John had a Vox ac 30 which was a step up from my Watkins Dominator. He played a Hofner Verrithin, which again was a step up from my Antoria, they got better in the 70s but the early ones, well, there were areas of the neck that you avoided like the plague. Was in seventh heaven when I replaced it with a Strat.

I think Geoff had a Futurama piggy back bass amp and a Vox Bass

Graham out did us all with a Sonor drum kit, not the cheap one.

Mikes were Reslo ribbons. Again John outdid me, I had the square one, he had the round topped directional. Think I still have mine in a box somewhere. Ditched it for a Shure as soon as I could.

I seem to remember the P.A. was a home made thing, courtesy of Graham's dad, who was a bit of a whizz with electrics. 30 watt amp and home made cabs.

The first gig we did together was at The Carters Club in Glossop. I remember it because it was my first "real" stage experience, and I was absolutely terrified. In fact I think I spent most of the night with my back to the audience. It got easier after that.

We played all the original bands old venues around Glossop, Hyde, Stalybridge and Ashton. Plus a few new ones. One that I have good memories of was Saddleworth Cricket Club. A regular booking for us.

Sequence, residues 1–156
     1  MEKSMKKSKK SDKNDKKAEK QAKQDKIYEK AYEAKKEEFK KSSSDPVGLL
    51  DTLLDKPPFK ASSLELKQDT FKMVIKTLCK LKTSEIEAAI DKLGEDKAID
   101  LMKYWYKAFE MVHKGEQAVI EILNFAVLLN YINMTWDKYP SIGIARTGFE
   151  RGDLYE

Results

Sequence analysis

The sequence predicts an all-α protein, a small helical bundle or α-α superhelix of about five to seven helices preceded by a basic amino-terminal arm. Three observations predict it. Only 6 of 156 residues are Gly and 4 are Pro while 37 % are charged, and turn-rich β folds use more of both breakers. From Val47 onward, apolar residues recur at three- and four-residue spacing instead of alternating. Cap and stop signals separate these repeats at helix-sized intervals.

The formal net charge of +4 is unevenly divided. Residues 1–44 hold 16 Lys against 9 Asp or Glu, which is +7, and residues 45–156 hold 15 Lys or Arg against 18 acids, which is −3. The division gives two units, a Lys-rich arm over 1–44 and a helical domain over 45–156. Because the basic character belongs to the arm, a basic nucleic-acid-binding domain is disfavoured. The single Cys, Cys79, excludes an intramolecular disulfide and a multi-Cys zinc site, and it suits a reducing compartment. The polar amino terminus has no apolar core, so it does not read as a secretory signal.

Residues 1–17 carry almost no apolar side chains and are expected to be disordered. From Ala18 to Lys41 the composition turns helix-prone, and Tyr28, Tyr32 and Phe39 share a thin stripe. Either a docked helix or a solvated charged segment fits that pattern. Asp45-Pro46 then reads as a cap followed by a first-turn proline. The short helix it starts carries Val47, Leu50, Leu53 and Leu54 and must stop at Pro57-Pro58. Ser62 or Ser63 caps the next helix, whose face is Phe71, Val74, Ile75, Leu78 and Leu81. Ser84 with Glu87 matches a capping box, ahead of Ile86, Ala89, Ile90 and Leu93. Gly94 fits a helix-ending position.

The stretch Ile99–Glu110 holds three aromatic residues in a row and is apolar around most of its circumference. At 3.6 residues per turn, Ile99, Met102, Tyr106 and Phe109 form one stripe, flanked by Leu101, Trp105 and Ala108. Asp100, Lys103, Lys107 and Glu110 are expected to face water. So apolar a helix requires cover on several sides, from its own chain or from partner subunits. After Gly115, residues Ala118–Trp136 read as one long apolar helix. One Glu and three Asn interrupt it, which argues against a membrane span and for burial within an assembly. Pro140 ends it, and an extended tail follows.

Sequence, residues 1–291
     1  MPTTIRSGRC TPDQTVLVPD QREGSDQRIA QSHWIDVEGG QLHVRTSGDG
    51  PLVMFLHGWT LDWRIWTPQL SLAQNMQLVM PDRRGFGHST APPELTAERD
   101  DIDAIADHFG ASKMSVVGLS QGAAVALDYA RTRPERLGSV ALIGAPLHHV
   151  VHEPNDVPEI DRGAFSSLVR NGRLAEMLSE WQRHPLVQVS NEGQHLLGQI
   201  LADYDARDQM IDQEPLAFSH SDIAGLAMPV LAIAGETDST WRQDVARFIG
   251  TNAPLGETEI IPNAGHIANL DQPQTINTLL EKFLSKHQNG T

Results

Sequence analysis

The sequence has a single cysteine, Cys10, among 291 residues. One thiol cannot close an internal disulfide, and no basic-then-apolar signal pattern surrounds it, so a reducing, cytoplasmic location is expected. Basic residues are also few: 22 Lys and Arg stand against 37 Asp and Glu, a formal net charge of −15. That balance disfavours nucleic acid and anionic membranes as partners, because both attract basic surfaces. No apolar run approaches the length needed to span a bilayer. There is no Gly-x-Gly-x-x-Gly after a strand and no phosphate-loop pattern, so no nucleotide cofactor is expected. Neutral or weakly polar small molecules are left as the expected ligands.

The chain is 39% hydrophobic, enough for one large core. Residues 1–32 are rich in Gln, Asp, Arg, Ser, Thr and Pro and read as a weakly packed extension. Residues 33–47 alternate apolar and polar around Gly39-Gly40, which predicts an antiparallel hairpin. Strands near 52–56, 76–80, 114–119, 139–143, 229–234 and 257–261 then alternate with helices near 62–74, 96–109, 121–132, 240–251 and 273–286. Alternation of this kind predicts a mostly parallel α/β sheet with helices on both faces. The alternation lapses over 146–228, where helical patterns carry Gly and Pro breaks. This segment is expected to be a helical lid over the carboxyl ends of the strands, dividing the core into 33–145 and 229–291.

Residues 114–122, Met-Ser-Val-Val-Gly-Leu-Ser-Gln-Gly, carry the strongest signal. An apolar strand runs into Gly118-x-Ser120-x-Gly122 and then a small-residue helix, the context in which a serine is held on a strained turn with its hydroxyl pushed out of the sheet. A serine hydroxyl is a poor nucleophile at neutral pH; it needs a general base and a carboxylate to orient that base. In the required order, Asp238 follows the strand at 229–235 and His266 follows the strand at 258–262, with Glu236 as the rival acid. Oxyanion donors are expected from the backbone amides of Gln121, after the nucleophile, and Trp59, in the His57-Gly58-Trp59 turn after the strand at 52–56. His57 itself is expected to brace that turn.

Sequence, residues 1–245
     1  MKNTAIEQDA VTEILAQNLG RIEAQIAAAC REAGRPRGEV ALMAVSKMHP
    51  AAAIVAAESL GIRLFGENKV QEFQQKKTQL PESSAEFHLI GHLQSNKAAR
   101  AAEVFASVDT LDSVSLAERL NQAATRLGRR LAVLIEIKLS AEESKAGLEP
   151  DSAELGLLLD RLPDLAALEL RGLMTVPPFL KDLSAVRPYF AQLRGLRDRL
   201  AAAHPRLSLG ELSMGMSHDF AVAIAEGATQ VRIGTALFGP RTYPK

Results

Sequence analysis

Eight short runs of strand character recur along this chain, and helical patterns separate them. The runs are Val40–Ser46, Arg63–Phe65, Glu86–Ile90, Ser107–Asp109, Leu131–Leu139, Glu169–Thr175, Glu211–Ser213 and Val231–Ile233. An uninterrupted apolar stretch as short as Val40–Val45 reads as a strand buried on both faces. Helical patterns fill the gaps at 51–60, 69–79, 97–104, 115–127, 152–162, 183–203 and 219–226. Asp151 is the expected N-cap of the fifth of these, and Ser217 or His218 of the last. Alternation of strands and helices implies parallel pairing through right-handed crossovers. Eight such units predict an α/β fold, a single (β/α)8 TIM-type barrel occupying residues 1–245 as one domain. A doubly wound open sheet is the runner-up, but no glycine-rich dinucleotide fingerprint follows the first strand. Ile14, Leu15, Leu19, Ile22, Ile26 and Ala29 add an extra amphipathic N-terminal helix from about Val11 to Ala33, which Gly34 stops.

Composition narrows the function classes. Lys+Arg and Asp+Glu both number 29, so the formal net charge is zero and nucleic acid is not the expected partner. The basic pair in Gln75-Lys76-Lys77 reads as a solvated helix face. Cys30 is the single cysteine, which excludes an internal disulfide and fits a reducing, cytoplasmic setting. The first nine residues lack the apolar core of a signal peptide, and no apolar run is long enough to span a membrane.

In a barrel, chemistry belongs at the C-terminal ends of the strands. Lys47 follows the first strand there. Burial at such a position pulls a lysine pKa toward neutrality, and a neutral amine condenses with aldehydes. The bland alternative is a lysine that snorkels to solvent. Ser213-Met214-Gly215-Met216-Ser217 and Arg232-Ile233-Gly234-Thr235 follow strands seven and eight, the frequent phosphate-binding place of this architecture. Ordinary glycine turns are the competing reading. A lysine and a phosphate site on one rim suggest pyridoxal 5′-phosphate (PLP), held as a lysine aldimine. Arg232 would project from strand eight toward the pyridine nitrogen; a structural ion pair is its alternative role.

Like so many bands at that time, transport was a problem. We would take any van we could get, we once borrowed one from an undertaker. We were happy to find he had removed the coffins before we collected it.

One night at a gig, a guy called Chuck, came over to talk to us. He had a van (yes it was a Bedford) and wanted to "rodie" for us. Transport problems solved, we started to feel like a "real band", well a lot were getting to gigs by bus.

It turned out that Chuck ( the only name I ever knew him by) was one hell of a blues harp player. ( that's a gob iron not the string one) He fitted perfectly with our raw bluesy sound. He didn't play on all the numbers, but became a kind of unofficial 5th member.